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FICTION

Reconciling Age-old Memories: Goodbye, Mother by Kim Joo-Young

  • onOctober 26, 2014
  • Vol.17 Autumn 2012
  • byJang Sungkyu
Goodbye, Mother
2012
276pp.

In the history of modern Korean literature, Kim Joo-Young is known as an epic novelist who delves into the life of common people and their afflictions in the context of history. His outstanding re-creation of history and inquiry into the lives of people is held in very high esteem. Then, in 2012, he published an entirely different kind of a novel.

Goodbye, Mother is a book about a protagonist who is coming to terms with age-old memories of his mother. The protagonist’s falling out with his mother came about long ago when she remarried, for her marriage came as a big shock to a boy in his adolescence. Many years later, even at the news of his mother’s death, the protagonist is unable to come to terms with his unhappy memories associated with his mother.

However, while making arrangements for her funeral, and through dialogue with his stepbrother, the protagonist is able to retrace the past from his mother’s perspective; thus begins the process of reconciliation. He begins to understand that his mother’s choice was imposed upon her by the ruthlessness of modern Korean history, such as the Japanese colonial period and the Korean War; moreover, his complicated family history was also a by-product of those tragic eras. Through his mother’s death the protagonist makes peace with the past and understands his mother’s life in its entirety.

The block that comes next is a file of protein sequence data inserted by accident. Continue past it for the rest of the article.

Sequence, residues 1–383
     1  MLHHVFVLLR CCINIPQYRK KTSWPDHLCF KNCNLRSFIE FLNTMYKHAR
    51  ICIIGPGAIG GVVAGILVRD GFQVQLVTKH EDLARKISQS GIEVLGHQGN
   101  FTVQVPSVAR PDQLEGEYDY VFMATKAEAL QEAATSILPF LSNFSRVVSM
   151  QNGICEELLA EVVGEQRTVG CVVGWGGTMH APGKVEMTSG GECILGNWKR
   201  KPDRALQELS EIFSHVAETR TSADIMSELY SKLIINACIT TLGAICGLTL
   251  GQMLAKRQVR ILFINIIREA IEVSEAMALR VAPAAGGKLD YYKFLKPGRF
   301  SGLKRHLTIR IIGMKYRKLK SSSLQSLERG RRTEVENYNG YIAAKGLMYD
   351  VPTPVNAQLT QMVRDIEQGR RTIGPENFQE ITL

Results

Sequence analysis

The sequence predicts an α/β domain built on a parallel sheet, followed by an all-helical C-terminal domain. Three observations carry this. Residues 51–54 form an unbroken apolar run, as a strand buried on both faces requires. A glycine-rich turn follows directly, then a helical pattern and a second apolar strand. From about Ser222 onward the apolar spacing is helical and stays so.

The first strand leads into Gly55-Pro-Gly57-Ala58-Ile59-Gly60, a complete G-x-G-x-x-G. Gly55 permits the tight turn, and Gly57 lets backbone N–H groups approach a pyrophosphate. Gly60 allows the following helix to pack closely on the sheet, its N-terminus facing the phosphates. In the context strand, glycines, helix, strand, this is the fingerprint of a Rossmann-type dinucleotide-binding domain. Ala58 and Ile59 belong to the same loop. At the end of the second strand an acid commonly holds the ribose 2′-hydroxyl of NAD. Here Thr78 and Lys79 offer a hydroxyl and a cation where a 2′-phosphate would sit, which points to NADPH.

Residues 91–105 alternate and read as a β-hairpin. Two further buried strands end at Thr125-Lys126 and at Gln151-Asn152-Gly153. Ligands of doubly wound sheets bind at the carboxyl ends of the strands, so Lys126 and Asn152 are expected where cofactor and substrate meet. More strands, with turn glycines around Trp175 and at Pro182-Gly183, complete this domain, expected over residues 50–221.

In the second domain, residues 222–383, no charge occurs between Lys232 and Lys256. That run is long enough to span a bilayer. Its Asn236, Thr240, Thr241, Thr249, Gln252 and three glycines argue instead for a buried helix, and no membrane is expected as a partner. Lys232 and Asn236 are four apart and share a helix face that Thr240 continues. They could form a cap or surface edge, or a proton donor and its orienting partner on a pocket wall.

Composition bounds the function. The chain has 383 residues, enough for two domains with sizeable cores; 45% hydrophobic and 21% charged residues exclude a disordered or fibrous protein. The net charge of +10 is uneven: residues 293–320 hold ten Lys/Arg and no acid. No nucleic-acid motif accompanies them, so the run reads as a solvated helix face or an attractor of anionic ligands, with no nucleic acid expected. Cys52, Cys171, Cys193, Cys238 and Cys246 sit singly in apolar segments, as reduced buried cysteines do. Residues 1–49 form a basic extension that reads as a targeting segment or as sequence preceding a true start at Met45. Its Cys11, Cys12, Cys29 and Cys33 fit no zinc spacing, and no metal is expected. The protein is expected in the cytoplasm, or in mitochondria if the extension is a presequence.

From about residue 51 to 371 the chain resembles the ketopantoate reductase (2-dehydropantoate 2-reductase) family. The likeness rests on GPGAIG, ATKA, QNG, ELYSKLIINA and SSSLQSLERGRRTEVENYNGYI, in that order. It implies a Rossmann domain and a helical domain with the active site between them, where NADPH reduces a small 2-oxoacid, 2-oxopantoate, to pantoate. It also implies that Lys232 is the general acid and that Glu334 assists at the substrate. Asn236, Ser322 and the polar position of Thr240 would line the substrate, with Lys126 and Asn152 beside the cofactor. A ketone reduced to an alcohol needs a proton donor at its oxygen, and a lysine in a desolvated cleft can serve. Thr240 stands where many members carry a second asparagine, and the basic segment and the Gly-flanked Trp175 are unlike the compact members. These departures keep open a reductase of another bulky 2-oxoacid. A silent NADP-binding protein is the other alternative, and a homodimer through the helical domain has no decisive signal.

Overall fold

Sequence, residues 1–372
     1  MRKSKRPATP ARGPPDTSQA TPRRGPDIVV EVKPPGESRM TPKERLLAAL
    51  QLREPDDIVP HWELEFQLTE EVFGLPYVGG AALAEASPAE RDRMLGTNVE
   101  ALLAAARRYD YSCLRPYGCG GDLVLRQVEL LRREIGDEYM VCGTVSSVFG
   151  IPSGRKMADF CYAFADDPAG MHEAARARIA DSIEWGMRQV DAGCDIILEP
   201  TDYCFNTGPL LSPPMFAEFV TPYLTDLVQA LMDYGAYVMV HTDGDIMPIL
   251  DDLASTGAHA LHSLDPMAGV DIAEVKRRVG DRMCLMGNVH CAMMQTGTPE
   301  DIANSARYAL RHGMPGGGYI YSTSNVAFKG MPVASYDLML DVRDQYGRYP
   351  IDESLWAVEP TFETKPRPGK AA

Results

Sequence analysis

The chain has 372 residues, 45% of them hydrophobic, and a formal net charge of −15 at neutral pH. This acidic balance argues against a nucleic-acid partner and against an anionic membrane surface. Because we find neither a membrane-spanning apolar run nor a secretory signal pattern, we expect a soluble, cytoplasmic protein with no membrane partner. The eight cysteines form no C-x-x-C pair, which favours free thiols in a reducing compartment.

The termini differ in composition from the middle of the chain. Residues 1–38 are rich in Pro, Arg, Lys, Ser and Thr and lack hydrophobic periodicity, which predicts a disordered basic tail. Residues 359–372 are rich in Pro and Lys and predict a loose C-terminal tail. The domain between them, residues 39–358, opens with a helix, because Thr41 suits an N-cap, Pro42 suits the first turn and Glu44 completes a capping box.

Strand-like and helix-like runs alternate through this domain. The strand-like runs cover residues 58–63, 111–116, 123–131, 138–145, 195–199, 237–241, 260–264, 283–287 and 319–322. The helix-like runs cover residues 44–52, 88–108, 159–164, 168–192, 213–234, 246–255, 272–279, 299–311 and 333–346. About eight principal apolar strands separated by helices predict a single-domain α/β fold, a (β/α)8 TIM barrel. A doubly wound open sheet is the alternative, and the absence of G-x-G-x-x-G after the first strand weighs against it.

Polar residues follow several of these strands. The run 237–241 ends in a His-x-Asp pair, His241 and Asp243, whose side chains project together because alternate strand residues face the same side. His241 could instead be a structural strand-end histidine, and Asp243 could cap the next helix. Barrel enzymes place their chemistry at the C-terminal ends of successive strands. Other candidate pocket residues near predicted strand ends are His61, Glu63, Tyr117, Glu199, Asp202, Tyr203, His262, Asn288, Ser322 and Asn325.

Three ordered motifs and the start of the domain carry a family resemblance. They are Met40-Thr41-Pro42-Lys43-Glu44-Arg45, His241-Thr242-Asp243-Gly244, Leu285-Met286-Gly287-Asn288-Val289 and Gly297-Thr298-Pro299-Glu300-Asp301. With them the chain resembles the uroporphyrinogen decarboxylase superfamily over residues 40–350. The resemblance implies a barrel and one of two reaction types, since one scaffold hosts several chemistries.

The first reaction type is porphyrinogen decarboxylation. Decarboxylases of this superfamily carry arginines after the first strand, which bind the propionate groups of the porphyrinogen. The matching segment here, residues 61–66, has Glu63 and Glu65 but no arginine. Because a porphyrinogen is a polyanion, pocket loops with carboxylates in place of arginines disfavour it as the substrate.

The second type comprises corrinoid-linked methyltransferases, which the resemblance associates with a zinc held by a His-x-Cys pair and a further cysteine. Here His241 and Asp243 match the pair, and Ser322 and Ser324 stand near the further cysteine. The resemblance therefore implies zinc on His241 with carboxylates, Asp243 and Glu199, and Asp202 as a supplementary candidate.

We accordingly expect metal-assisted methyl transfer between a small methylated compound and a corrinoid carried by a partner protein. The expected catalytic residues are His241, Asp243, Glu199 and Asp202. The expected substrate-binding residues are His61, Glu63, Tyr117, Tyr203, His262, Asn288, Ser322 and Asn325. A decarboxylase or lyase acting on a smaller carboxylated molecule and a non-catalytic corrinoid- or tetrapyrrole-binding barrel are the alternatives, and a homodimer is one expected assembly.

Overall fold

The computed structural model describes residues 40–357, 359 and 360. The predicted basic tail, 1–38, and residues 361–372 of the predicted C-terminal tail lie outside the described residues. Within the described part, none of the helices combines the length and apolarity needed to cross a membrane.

Reconciliation always takes place a little too late. But if it weren’t for this belated reconciliation, how forlorn would be the memories that sustain our lives? Herein lies the importance of Kim Joo-Young’s novel, Goodbye, Mother. The future is dictated by how one deals with past memories. The future of the protagonist, who is able to bid his mother goodbye, will perhaps be filled with peace. 

Author's Profile

Kim Joo-young is a novelist who began his career as a writer with the publication of “A Period of Dormancy” in 1971 in the monthly Literature magazine. His published novels are TradesmanThe Sound of ThunderA Skate Fish and GoodbyeMother; his short story collections are Winter Bird and In Search of a Bird. He is the recipient of the Korea Culture and Art Award and Yi Sang Literary Award as well as numerous other literary prizes. In 2007, he received the Eungwan Cultural medal.